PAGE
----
Author: Catherine Lowell
Published: 3rd March 2016
I first came across the famous Brontë's was when I forced to read Wuthering Heights at school, which obviously didn't get me off to a good start. However reading The Madwoman Upstairs really has made me see the three Brontë sisters in a whole new light and made me want to read ALL of their books.
I started reading The Madwoman Upstairs with no expectations and to be perfectly honest I wasn't entirely sure what story was coming my way, but I think I actually fell a little bit in love with it.
The Madwoman Upstairs tells the story of Samantha Whipple, a descendant of the famous Brontë's. When her Father passes away she moves from America to attend Oxford University. Here she tries to piece together the mystery surrounding her inheritance and it leads her on a very Brontesque literary adventure. Although not a fast paced story, it really was one to get completely swept up in and I loved all the literary criticism discussions. I also really liked the way that Catherine perfectly and expertly interweaves parts of each of the Brontë's stories into this. I thought it worked really well and really added to the sense that Samantha Whipple was a Brontë descendant. I found it absolutely fascinating learning more about the Brontë's, you learn more about them as a family, their dynamics, other interests apart from writing and the mystery surrounding their lives and definitely means you see them in a whole new way.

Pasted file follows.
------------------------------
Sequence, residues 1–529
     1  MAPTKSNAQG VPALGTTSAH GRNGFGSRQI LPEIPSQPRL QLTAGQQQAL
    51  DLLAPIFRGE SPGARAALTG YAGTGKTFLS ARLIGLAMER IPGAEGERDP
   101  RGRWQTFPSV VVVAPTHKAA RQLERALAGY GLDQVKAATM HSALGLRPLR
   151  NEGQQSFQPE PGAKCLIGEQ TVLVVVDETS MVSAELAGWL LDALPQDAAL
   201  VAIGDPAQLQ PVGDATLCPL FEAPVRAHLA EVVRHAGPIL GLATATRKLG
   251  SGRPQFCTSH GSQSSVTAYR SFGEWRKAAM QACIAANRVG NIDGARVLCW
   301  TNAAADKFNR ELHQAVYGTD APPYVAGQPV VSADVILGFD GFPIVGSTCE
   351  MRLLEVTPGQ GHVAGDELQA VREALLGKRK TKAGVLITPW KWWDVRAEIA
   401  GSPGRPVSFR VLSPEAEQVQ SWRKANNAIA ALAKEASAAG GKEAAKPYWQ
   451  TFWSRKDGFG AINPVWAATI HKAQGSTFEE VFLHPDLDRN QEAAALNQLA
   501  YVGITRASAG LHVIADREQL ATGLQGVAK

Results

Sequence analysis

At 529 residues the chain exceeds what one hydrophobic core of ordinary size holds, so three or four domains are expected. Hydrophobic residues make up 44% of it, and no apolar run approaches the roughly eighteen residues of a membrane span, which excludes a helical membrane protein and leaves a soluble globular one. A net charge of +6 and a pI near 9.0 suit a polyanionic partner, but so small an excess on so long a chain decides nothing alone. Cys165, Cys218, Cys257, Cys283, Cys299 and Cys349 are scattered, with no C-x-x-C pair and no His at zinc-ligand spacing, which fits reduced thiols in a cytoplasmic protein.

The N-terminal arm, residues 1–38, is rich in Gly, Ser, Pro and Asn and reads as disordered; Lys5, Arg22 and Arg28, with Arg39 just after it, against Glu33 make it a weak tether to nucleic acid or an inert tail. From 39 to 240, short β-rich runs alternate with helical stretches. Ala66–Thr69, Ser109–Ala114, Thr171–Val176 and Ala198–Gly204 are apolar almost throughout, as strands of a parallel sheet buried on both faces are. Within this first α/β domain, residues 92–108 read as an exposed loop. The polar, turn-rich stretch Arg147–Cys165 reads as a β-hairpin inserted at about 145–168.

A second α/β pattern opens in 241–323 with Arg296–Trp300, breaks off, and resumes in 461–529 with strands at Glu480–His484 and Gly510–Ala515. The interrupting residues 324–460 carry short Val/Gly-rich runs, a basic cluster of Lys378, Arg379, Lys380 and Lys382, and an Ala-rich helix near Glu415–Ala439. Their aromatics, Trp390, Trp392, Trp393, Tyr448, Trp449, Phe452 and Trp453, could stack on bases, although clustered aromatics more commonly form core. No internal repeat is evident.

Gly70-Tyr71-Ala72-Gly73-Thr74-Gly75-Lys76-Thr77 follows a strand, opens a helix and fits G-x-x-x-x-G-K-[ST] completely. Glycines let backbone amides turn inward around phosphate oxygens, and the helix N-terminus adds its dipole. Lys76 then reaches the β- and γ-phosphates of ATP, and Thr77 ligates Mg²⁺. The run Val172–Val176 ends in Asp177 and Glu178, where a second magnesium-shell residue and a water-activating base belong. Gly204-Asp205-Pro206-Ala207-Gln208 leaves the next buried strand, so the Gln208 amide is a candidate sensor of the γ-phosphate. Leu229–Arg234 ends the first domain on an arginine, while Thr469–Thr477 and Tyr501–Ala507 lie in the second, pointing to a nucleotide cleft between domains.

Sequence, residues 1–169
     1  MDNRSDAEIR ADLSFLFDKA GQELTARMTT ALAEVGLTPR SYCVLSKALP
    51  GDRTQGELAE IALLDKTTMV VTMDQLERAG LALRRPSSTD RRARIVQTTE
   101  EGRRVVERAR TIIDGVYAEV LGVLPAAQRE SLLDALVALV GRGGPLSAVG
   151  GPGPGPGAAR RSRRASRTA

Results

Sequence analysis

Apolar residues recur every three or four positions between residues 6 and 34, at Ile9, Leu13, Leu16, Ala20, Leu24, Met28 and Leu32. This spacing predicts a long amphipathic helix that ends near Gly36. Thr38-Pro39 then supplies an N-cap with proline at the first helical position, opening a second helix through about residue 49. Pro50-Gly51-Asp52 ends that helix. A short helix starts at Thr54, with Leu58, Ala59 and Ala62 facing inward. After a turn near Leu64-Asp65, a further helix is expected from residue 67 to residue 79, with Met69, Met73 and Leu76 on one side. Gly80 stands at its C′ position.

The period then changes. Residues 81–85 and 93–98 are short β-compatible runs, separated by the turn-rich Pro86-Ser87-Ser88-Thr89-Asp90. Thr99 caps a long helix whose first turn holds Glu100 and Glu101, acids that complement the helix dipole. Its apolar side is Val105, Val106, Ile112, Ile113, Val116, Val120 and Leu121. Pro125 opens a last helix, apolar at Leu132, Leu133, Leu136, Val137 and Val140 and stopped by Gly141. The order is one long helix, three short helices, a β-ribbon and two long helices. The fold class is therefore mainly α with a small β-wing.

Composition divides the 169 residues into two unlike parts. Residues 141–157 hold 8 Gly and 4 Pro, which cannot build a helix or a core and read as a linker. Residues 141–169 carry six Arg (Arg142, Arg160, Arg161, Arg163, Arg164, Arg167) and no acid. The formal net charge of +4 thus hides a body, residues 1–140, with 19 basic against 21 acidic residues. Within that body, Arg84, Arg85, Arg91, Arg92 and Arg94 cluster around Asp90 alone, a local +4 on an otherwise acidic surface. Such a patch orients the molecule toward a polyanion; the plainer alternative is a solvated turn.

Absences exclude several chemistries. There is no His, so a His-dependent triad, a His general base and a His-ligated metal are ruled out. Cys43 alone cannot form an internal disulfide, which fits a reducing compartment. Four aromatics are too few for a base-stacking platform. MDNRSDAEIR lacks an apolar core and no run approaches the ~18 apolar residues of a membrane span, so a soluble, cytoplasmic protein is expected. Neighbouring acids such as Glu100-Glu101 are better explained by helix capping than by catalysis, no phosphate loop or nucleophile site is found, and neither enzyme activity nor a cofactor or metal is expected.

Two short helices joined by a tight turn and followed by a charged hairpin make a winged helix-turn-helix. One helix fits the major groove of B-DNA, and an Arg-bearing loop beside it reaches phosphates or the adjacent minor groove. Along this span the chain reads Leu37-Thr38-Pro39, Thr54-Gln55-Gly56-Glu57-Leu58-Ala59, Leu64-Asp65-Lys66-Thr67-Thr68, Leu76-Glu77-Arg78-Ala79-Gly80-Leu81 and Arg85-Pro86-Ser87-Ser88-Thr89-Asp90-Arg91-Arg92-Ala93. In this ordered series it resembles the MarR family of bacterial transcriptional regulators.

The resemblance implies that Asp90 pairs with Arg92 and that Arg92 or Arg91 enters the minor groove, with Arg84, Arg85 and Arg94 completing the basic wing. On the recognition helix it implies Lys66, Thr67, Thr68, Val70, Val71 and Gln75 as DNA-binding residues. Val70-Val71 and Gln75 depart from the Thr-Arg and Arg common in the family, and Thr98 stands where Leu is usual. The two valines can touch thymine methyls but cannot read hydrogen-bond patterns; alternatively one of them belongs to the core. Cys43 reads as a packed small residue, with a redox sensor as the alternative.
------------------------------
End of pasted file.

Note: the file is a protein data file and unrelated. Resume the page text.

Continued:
I think what I enjoyed most about this was the eccentricity of it all and especially the main character Samantha Whipple. She was awkward but I adored her and she actually had a brilliantly dry sense of humour. She's not your stereotypical heroine and this is partly why I connected with her as a character so much and I think I would have become just as obsessed as she did about the Brontë's and the need to discover the mystery surrounding them and her inheritance. It very much reflected the tone and stories of Wuthering Heights and Jane Eyre, which I thought this was positively brilliant and of course created a fantastically dark and mysterious atmosphere. This was also heightened by the tortured romance that Samantha suffers, a very clever addition to the plot.
I must also just mention how much I liked the ending. It tied up everything just nicely, whereas the author could have left us wondering.
Whether you are a fan of the Brontë's or not, I heartily recommend this book, it gives you a new view on the sisters and if not originally a massive fan like me, it may change your mind.
Fresh, unique and with a an unlikely, but fantastic heroine that shines a whole new light on the Brontë's